District 5 runs from the sparkling waters of Barton Springs down to the cypress-lined banks of Onion Creek. Western portions of District 5 lie over the recharge zone of the Edwards Aquifer. Singlefamily homes are the predominant land use in this district, with the majority of the neighborhoods built out before the adoption of water quality regulations in 1986. This older development is generally characterized by uncontrolled, polluted stormwater runoff as well as the encroachment and alteration of natural streams and floodplains.
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The neighborhoods along Williamson Creek between West Gate Blvd. and South Congress Ave. as well as the Pinehurst area along Onion Creek are the second and third highest priorities in the City respectively for flood mitigation. These areas are downstream of significant drainage areas to the west. High priority flooded structures and roadways are shown in red on the map to the left.
Local flooding of buildings, streets, and yards occurs when rainfall events overwhelm undersized, substandard drainage systems, such as storm drain pipes and small open channels. District 5 has the highest number of drainage complaints of all the districts. Major clusters of drainage complaints are shown in blue on the map to the left.
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The Watershed Protection Department addresses drainage and environmental problems using a three-tiered approach of capital improvement projects, programs, and regulations. Examples of these strategies in District 5 include:
Capital Improvement Projects: Since a significant amount of development occurred in District 5 before watershed regulations were in place, capital solutions are a key tool. Watershed Protection has completed the construction of multiple regional water quality ponds, improvements to storm drain systems, restoration of the Pack Saddle Pass tributary of Williamson Creek, repairs to the bypass culvert at Barton Springs Pool, and the buyout of 25 houses located within the 25-year floodplain in the Bayton Loop area of Williamson Creek. Projects are planned for the next five years as well, including additional enhancement projects at Barton Springs Pool, increasing safety at a low water crossing at Old San Antonio Road, multiple stream and shoreline restoration projects, and storm drain improvements in the West Bouldin and Slaughter watersheds. In 2012, Watershed Protection initiated an assessment of the existing drainage system in the West Bouldin watershed.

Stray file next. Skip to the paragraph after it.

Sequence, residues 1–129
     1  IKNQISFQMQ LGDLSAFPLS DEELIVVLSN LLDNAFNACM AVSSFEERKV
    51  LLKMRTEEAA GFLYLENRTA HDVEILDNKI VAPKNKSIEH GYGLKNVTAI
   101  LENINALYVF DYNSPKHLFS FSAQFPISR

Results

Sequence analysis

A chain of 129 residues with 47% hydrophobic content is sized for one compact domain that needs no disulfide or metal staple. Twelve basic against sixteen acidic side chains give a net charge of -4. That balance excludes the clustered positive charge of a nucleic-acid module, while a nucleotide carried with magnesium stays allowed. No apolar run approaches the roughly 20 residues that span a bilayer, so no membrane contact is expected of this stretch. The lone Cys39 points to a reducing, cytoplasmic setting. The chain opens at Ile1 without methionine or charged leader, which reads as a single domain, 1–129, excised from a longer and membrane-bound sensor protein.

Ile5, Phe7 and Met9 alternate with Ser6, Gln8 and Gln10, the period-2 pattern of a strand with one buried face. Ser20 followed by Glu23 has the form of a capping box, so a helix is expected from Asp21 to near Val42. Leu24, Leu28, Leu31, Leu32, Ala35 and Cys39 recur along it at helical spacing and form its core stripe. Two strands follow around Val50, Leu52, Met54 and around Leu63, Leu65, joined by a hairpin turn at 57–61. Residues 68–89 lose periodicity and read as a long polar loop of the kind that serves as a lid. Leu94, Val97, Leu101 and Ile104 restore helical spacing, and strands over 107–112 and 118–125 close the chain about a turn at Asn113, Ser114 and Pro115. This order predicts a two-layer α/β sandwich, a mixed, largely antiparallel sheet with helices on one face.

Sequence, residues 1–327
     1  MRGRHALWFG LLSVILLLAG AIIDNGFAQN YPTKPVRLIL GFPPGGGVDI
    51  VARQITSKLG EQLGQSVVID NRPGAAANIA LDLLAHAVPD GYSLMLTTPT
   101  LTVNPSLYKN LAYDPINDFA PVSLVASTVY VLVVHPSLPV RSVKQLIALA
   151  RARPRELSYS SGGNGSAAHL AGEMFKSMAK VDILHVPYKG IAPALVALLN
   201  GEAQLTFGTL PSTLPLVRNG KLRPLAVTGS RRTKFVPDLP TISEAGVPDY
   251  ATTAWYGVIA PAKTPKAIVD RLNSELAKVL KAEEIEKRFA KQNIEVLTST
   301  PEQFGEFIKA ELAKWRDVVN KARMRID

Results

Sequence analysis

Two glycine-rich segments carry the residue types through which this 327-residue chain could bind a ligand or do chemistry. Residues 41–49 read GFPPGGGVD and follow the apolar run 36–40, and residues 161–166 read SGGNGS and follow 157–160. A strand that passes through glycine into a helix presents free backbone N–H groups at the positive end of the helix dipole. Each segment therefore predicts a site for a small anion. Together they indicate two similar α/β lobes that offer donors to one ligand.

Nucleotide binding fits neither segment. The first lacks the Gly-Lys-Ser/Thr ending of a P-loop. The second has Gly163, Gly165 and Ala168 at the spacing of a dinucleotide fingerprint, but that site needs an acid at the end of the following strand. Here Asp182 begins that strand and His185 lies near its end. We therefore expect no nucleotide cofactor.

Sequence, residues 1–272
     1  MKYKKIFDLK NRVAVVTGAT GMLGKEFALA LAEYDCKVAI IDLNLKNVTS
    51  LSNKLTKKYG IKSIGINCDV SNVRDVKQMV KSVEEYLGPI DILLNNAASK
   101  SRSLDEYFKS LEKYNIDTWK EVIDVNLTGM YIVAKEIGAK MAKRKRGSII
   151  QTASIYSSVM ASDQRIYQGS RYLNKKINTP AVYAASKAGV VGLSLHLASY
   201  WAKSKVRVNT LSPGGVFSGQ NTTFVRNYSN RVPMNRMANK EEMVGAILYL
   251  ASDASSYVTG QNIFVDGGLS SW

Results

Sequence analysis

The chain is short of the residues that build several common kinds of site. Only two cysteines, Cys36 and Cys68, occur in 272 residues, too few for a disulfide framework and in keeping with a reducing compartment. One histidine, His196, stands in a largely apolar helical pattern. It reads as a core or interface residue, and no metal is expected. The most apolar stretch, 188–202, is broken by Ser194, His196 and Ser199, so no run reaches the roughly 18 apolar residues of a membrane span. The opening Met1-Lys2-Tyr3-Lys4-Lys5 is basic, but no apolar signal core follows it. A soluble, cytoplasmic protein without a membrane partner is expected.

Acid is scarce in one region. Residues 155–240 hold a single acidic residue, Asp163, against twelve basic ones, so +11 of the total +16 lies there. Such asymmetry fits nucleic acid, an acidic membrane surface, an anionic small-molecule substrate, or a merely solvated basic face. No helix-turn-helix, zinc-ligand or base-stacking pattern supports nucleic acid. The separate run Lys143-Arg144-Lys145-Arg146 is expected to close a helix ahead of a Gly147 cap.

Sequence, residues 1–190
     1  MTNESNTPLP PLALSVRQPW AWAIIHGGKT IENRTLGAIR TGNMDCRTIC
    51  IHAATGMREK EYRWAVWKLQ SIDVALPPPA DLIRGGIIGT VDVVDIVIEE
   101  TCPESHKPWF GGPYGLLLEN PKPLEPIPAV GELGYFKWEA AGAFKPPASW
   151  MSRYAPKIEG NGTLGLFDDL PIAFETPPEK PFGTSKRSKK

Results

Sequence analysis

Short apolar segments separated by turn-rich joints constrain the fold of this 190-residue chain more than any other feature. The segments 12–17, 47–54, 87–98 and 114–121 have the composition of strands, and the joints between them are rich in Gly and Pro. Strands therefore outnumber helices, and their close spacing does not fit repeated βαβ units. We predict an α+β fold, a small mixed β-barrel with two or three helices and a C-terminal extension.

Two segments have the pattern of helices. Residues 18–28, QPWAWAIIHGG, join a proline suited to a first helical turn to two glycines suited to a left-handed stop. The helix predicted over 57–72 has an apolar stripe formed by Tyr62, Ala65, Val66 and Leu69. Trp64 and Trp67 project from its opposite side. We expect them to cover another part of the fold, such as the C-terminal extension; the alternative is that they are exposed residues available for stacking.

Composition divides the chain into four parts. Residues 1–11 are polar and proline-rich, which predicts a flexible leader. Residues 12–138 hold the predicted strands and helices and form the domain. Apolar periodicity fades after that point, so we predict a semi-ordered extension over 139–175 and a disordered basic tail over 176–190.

Programs: Given the high percentage of single-family neighborhoods in this district, the Grow Green program is an important resource. Grow Green is an education program that promotes sustainable landscaping practices. It addresses water quality and conservation, recycling, and an Integrated Pest Management philosophy, which encourages the least-toxic way to address pest issues. Grow Green offers numerous publications — such as the Native and Adapted Landscape Plants Guide — to help citizens design, install, and maintain an earth-wise landscape.
Regulations: Due to the considerable build-out of the watersheds in this district, regulations will mostly apply to redevelopment projects, which are required to build water quality ponds and protect against additional erosion and flooding. Encroachment of buildings and parking areas is prohibited in the 25-year floodplain and significantly restricted in the 100-year floodplain. The majority of the undeveloped land is located along the IH35 corridor in the southern portion of the district. The recently adopted Watershed Protection Ordinance will provide key protections in this area for the meandering streams and broad floodplains.
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Photo of volunteers planting seedlings at the Bayton Loop floodplain buyout area in the Cherry Creek neighborhood. Watershed Protection is currently working with the surrounding community, the Parks and Recreation Department, and the Neighborhood Partnering Program to facilitate the installation of a community garden.